Posting by Billy Thomas

Unfortunately, it is not uncommon to read a headline on a routine basis highlighting a private data hack (see OPM, Target, Home Depot, IRS, etc.) impacting thousands, if not millions of individuals, with each instance. More and more personal and financial data is stored electronically and this identity theft epidemic is only growing. Perhaps this is an unintended consequence to the speed and accessibility of your digital record-keeping. Although words can barely express the sense of loss when your personal and financial information is compromised or stolen. It is a frustrating experience leaving victims feeling helpless and vulnerable.

A data breach, or cybersecurity incident, as described by the Office of Personnel Management (OPM), is a different type of crime compared to tax-related identity theft. The OPM cybersecurity incident resulted in the theft of sensitive, personal information such as names, addresses, birthdates, and Social Security numbers. Even though this data was stolen, OPM has stated “there is no information to suggest misuse of the information that was stolen from OPM’s systems.” Tax-related identity theft occurs when someone ‘uses’ your stolen Social Security number to file a false return claiming a fraudulent refund.

The data breach and tax-related identity theft problems are mutually exclusive. For more information on next steps for victims of the OPM data breach, please click here.

We have covered taxpayer identity theft in previous blog entries: Protecting yourself from tax-related identity theft. The IRS has dedicated many resources to addressing this type of fraud and here are some of the warning signs you should know:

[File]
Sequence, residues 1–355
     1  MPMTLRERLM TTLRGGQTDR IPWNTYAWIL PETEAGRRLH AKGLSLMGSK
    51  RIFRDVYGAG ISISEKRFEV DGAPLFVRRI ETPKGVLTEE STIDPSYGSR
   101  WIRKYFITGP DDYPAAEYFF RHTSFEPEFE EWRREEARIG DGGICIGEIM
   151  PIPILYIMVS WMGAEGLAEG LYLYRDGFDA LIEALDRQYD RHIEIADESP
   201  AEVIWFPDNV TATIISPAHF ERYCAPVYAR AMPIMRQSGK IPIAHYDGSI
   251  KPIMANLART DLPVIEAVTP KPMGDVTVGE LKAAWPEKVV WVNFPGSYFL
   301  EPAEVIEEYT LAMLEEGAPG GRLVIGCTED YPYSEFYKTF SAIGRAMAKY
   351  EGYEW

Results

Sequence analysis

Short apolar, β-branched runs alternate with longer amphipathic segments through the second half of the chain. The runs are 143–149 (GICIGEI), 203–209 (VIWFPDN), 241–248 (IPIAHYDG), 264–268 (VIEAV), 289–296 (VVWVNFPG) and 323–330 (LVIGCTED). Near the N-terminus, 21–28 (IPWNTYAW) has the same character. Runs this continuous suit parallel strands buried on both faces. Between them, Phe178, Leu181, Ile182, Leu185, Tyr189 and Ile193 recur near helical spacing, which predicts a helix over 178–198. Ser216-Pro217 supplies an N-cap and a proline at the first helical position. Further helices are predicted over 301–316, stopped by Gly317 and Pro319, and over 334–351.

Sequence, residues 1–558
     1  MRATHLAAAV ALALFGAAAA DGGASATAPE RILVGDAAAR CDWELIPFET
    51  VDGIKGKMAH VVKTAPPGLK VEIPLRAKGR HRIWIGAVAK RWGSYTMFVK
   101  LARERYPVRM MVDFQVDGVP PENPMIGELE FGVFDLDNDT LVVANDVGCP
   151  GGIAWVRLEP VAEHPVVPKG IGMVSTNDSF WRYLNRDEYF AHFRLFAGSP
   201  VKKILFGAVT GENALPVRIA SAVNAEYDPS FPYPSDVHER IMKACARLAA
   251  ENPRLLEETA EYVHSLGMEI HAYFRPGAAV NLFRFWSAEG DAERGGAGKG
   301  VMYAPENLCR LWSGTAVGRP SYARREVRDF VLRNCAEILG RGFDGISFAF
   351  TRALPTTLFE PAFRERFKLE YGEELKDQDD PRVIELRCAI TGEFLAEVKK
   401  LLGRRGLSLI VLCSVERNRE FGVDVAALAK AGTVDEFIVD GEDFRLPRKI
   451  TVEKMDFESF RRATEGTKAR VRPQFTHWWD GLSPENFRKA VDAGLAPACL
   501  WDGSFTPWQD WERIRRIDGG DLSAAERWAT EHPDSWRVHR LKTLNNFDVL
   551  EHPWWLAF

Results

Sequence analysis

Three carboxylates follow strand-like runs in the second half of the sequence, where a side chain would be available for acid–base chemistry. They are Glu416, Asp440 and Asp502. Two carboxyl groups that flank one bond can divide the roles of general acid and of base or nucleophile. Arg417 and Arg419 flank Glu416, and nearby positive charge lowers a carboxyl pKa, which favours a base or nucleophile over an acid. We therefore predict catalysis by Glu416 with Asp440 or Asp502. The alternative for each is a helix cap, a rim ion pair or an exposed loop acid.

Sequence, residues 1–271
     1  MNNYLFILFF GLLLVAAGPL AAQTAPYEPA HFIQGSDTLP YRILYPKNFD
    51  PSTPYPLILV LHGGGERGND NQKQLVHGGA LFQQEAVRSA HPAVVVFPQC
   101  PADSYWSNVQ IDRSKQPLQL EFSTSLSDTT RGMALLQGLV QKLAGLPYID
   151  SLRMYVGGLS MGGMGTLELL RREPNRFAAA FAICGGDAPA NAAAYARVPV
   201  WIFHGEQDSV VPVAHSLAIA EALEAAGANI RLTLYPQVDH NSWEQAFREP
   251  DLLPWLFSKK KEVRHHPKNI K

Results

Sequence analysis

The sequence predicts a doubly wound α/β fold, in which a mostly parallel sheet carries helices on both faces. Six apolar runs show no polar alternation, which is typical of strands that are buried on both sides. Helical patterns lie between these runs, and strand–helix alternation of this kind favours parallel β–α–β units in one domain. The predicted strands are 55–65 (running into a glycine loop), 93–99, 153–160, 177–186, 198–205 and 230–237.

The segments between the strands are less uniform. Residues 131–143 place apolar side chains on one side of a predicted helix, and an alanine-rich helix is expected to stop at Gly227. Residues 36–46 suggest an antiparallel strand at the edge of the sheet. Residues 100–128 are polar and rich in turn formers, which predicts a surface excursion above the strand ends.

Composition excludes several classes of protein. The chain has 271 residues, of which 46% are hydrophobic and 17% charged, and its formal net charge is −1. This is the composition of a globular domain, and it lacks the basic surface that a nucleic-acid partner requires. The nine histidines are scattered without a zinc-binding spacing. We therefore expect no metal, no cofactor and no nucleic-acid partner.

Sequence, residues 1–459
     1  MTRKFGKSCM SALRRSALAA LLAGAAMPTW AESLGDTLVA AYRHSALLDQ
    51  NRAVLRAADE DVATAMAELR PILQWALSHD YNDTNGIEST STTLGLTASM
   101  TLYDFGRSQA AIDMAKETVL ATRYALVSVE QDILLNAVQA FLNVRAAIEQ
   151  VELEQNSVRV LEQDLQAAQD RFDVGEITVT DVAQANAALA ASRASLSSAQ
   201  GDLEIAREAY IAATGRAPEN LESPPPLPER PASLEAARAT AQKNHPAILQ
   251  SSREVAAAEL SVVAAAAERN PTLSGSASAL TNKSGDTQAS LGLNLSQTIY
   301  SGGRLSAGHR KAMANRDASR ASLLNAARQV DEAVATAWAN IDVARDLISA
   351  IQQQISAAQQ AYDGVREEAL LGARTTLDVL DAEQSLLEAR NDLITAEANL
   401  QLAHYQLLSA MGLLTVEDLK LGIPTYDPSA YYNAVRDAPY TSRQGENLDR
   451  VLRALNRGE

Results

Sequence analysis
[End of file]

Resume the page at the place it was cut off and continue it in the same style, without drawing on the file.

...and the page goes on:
• You receive an IRS notice indicating more than one tax return was filed under your SSN, you owe additional tax, your refund has been off-set, or the IRS indicates you received wages from an unknown employer to you.

If there can be a silver-lining, it is this form of tax-related identity theft is often isolated to tax matters alone. Nonetheless, the IRS recommends the following actions to ensure your other financial information has not been compromised further:

To protect your personal information, the IRS recommends the following to reduce your risk of identity theft beyond your tax matters.

  • Don’t routinely carry your Social Security card or any document with your SSN on it.
  • Don’t give a business your SSN just because they ask – only when absolutely necessary.
  • Protect your financial information at home and on your computer.
  • Check your credit report annually.
  • Check your Social Security Administration earnings statement annually.
  • Protect your personal computers by using firewalls, anti-spam/virus software, update security patches, and change passwords for internet accounts.
  • Don’t give personal information over the phone, through the mail or the Internet unless you have either initiated the contact or are sure you know who is asking.

It is also important to know that the IRS will never initiate contact electronically to request personal or financial information from you. You can check out all the tax-related identity theft information posted by the IRS, here.

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